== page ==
Antibiotic Susceptibility Pattern and Biofilm Formation in Clinical Isolates of Enterococcus spp.
Interdisciplinary Perspectives on Infectious Diseases
Enterococcus is a commensal in the intestine and is now emerging as a drug-resistant pathogen. It produces different virulence factors. Enterococcus surface protein (esp) is a virulence factor that helps in the adhesion, but its role in biofilm formation is still contradictory. Moreover, in many bacterial species, strong biofilm producer exhibits multidrug resistance. Hence, this study is done to know the antimicrobial susceptibility pattern of Enterococcus spp. and to correlate the drug resistance with biofilm production and esp gene. Enterococcal isolates were collected from various clinical specimens. Antibiotic susceptibility testing was done by disc diffusion, and biofilm production was performed by microtiter plate method. PCR was performed for detection of esp gene. Two E. faecium strains resistant to vancomycin and high-level aminoglycoside (HLAR) were non-biofilm-producers and did not harbor esp gene. However, other biofilm-producing E. faecium harbored esp gene, and this association was found to be statistically significant (p=0.024). It was observed that there was no significant association between biofilm formation and presence of esp gene in E. faecalis. Moreover, a significant correlation was not found between drug resistance and biofilm production in both Enterococcus species. Thus, biofilm formation is not always associated with the presence or absence of esp gene and or drug resistance in Enterococcus spp.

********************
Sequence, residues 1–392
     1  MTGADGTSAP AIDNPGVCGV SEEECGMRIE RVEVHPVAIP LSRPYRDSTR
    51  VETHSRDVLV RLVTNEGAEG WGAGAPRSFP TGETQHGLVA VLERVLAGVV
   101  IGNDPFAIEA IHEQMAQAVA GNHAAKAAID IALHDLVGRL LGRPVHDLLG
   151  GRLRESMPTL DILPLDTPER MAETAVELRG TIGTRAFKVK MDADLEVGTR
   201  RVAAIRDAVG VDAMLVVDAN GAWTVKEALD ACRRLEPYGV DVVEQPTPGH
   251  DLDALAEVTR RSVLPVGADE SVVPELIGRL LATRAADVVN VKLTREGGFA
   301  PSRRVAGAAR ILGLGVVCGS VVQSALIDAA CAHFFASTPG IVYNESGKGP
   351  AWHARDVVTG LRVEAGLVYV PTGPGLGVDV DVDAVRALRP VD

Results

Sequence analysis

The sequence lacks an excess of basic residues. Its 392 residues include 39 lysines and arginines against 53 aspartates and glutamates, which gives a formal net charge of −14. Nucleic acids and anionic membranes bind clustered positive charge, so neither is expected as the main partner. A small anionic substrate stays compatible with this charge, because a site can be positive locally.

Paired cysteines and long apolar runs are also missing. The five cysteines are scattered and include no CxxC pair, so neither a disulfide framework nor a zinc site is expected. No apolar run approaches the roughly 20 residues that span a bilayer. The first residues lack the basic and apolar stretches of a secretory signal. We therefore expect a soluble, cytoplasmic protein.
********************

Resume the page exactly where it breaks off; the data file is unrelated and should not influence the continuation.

Shridhar, Sridevi and Dhanashree, Biranthabail, "Antibiotic Susceptibility Pattern and Biofilm Formation in Clinical Isolates of Enterococcus spp." (2019). Open Access Archive. 857.